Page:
After having printed about 3/4 of the cards, Steve's shop installed a new high-speed, large-capacity printer. So we paid a few extra cents per card to have the last 5000 cards printed from floppy disk directly onto card stock using the new printer. The output quality was excellent! The last batch of cards was picked up on July 17. Figure 5 is a picture of all the printed cards (except Germany) on Jim's dining room table.
Now for the final step - mailing the cards. Jim solicited advice from Martin Cook, N1FOC at the ARRL outgoing QSL bureau. For many of the higher-volume countries (a pound or more of cards), it was going to be cheaper to mail the cards ourselves directly to their incoming QSL bureaus than to mail them via the ARRL outgoing bureau. Martin also gave us special shipping instructions for certain countries (like Yugoslavia). Jim downloaded the guide to International Postage Rates and Fees (Publication 51) from the United States Postal Service web site and studied it to find the cheapest rate. Surface rate printed matter (non books) was slow, 4-6 weeks delivery, but was the cheapest way (about $2.50 per pound). Besides, if people have been waiting since 1995 for cards, what difference is another 4-6 weeks going to make? On the weekend of August 11-12, 23,815 cards were boxed up and mailed at the local post office for a total of $354. To send these same cards via the ARRL Outgoing QSL Bureau, assuming 150 cards per pound, and $6.00 per pound (members fee), this same shipment would have cost $953, or more than twice as much!
After we had printed cards for the high-volume countries (DL, I, JA etc.) there were many countries left which would only get a few cards each. These were to be printed and sent to the ARRL outgoing QSL bureau. However, among these cards were cards for stateside stations - about 2500 cards! These were mostly from several WPX contests which Matt operated. We have NO WAY to distribute these cards cheaply - there are no stateside-stateside QSL bureaus, and the W0-W9 call area incoming QSL bureaus won't take them! At $0.22 per card (post card rate), you can see that we would have DOUBLED our mailing expenses, not to mention the time and effort of finding addresses for all those cards. So we still have a box of cards for USA stations, in the hope that one day we can find an inexpensive way to deliver them.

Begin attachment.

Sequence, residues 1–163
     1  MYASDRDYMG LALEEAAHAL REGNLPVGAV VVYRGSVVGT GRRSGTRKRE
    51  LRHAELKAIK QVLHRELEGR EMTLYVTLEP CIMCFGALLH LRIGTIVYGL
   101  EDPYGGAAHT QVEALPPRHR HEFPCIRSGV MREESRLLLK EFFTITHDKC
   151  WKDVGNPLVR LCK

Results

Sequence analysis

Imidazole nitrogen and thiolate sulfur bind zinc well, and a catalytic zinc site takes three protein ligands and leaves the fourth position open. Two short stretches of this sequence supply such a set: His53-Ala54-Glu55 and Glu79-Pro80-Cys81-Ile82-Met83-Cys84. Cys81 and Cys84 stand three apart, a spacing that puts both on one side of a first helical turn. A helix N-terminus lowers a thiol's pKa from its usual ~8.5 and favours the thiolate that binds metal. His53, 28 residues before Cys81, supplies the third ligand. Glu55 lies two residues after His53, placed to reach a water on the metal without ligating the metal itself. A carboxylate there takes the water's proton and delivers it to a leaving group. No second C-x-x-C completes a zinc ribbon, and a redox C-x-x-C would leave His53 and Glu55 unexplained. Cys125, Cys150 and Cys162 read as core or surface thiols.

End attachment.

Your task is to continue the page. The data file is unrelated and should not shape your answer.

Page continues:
In total, 33,066 cards were printed and delivered to various QSL bureaus. This represents a total of 66,312 QSOs confirmed, out of about 100K total QSOs worked. Table 2 shows how many QSLs were sent to countries that had 1,000 or more QSLs, and Table 3 shows a summary of the total expense of this project. It is expected that we will need to send many fewer QSL cards in the future, if we keep up with the job!
Table 2 -- QSL totals by country
Table 3 -- Expenses
Like any big project, this one had a lot of help. All of the operators at Matt's place chipped in either time or money to help get the project done. Steve Gilbert did a great job for us printing all the cards. We got a lot of valuable advice from Martin Cook at the ARRL. Finally, we would not have been able to make this a manageable task without the fine work of Bernd DF3CB and his BV program. Also, a special thanks to the "X" sorter for the W1 QSL bureau (you know who you are) to probably gets more cards for Matt than all the other "1X" callsigns combined!
If you are curious about your cards, you can visit the KC1XX Log Search page on the internet at http://www.kc1xx.com/logs/. If you are a stateside station looking for a card, check here first. If you're in the log, you're probably also in the box! Follow the instructions on the web page if you want a QSL.
Please give us a call in the next contest -- QSL 100% via bureau!
CT by K1EA can be found at http://www.k1ea.com/